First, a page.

Defeating Black Girl Gender Expression Barriers

Since I was a child, I have tended to dress and act in more traditionally masculine ways rather than feminine. During this time, I would keep to myself and also prefer to express myself in more “masculine” ways such as choosing clothing and toys that were targeted at boys and interacting more with boys socially.

My high school feminism class taught by Ileana Jiménez, 2018. (photo courtesy: Ileana Jiménez)

However, as my feminist teacher, Ileana Jiménez, said one autumn day during our high school feminist theory class, my more “masculine” behavior was “a rejection of traditionally feminine norms set by society and also your natural inclination towards masculine behavior.” At first, it seemed that I’d had an epiphany, I had felt enlightened because, for the first time, I had looked at my gender expression in a different manner. Previously I had seen my gender expression to be unfeminine. But now I saw gender expression through a new lens; a lens that criticized societal norms. I thought more about it after conversations with my mother. 

On one hand, it seemed true that my fear of pink and rejection of all things sparkly was due to social constructs and the baggage that comes with looking and behaving in a more feminine manner. On the other hand, some decisions were unconscious, such as choosing a mostly male friend group, which was a decision made based on my interests. I also preferred the comfort of the color blue; preferred playing with Legos; and enjoyed reading Diary of a Wimpy Kid over Dork Diaries. In terms of style, I chose jeans over dresses and skirts. In one instance, during a playdate, while my friend used the restroom, I was asked by a parent: “Do you wear boy clothes and hang out with boys because you want to be one?”

A young Amouri questioning gender expression and identity. (illustration credit: Amouri Edwards)

While I am not opposed to being seen as having masculine traits, it seemed that in this instance, this person was using gender norms to define my character. I felt alienated as if I were not feminine enough for her daughter to play with. While I may have been seen as “masculine,” it didn’t change the fact that society and my community tried to suppress my desire to express my gender in a way that differed from societal norms.

“they won’t recognize immediately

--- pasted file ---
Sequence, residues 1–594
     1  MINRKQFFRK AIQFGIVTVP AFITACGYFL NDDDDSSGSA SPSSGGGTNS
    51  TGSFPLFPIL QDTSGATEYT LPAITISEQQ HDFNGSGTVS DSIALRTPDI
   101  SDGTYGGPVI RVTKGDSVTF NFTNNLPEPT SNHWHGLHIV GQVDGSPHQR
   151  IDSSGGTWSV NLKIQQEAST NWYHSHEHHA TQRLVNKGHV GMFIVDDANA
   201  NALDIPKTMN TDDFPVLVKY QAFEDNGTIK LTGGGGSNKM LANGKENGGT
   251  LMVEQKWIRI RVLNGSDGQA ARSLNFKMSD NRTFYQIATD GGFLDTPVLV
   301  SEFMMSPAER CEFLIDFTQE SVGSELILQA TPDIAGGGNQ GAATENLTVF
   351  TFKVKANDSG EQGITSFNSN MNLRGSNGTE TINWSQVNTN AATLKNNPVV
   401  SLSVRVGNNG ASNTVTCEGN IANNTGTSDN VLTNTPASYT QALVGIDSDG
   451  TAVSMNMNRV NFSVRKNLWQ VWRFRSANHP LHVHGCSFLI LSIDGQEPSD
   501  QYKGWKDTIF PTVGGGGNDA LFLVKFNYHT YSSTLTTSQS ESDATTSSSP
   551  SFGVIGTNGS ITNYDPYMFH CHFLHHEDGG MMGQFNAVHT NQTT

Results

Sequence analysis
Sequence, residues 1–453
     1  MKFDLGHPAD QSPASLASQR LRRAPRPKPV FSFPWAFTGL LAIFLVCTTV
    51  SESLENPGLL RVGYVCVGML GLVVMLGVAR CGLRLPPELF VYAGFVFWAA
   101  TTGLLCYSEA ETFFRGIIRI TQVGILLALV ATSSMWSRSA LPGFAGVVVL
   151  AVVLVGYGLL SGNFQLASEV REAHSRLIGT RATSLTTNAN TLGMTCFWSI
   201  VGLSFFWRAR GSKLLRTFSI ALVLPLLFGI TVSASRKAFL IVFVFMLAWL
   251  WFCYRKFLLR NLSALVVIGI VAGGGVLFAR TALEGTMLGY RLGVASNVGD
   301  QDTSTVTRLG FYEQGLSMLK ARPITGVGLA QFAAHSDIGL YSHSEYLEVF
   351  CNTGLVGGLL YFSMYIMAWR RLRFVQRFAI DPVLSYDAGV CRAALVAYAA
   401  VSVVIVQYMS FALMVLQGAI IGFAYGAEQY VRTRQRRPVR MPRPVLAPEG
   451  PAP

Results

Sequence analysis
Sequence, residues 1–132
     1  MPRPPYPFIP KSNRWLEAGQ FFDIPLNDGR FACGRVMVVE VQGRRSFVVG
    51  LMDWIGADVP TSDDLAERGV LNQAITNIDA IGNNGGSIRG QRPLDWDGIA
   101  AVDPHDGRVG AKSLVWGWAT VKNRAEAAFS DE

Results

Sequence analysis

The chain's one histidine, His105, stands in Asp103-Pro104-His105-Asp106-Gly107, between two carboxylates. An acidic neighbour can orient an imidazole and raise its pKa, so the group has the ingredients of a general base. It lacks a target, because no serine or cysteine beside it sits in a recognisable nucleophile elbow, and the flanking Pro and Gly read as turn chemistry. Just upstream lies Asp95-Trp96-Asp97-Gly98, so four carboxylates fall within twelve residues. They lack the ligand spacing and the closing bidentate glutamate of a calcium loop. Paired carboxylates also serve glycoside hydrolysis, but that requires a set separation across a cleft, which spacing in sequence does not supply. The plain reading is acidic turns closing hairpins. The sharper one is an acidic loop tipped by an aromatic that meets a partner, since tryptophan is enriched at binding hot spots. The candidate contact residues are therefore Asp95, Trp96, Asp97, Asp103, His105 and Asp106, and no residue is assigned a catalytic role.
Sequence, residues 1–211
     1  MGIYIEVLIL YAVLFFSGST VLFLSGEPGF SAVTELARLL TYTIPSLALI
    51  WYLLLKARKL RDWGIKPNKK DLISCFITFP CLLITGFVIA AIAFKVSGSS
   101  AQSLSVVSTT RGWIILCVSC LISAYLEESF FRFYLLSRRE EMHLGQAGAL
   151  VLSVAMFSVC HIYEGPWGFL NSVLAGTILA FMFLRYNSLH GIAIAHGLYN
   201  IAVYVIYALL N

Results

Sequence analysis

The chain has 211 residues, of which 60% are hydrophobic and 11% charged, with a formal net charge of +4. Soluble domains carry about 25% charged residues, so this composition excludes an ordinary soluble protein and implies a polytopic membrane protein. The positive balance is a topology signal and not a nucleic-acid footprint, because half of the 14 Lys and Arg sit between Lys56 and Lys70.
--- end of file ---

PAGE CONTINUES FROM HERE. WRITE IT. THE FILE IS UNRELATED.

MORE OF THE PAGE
the slut I have warned you against’ becoming”

Women and girls are subject to suppression in everyday life as I’ve learned through my high school feminism class. As Jamaica Kincaid states in her short story “Girl,” girls are given a barrage of messages such as: “how to behave in the presence of men who don’t know you very well, and this way they won’t recognize immediately the slut I have warned you against’ becoming.” I interpret this excerpt as an example of the various “girl-codes” passed on to young girls, which teaches them to be ashamed of body expression and sexuality.

Drawing from my own experience, as a young girl, I was told to cross my legs by my father, in fear that I’d be sexually objectified by strangers, especially when I was on the train. Constantly annoyed by this directive, I always wondered why I had to cross my legs when the man next to me could “man spread“? His legs would be gaping open and his arms would be clasped, a symbol of his dominance compared to my submissive and docile state.

In another example, once when in an older uncle’s car, I was whistling, until I was abruptly interrupted by him as he sneered, “stop whistling, it’s un-lady-like.” I still don’t understand why whistling is unladylike. I felt that I was being restricted from being who I was and am. To suppress one’s self-expression is a restriction of identity. I should be able to be as free as Audre Lorde in her “Love Poem,” making “sky flow honey out of my hips, rigid mountains spread over a valley carved out by the mouth of rain.” Lorde is a key figure of freedom of expression; which is very clear in that poem, as she feels no need to conform as a Black lesbian feminist warrior poet.

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What I have learned from reading Lorde, is that It is important to appreciate one’s body, sexuality, and gender. What I didn’t know as a child was that being denied to express oneself freely in one’s body could lead to a lack of self-care and self-love. As Lorde states, “Caring for myself is not self-indulgence, it is self-preservation, and that is an act of political warfare,” and with that comes self-expression. These words resonate with me, as in my life I often feel the need to conform to societal norms, which in some ways is a form of a lack of self-care and self-love. It’s not surprising that being “butch” and “tomboyish” is ostracized in our society, thus why being yourself is an “act of political warfare.” To break gender barriers is a critique of and a resistance against these destructive norms, and those who adhere to the master’s tools of domination don’t approve. I prefer to approve of myself instead. 


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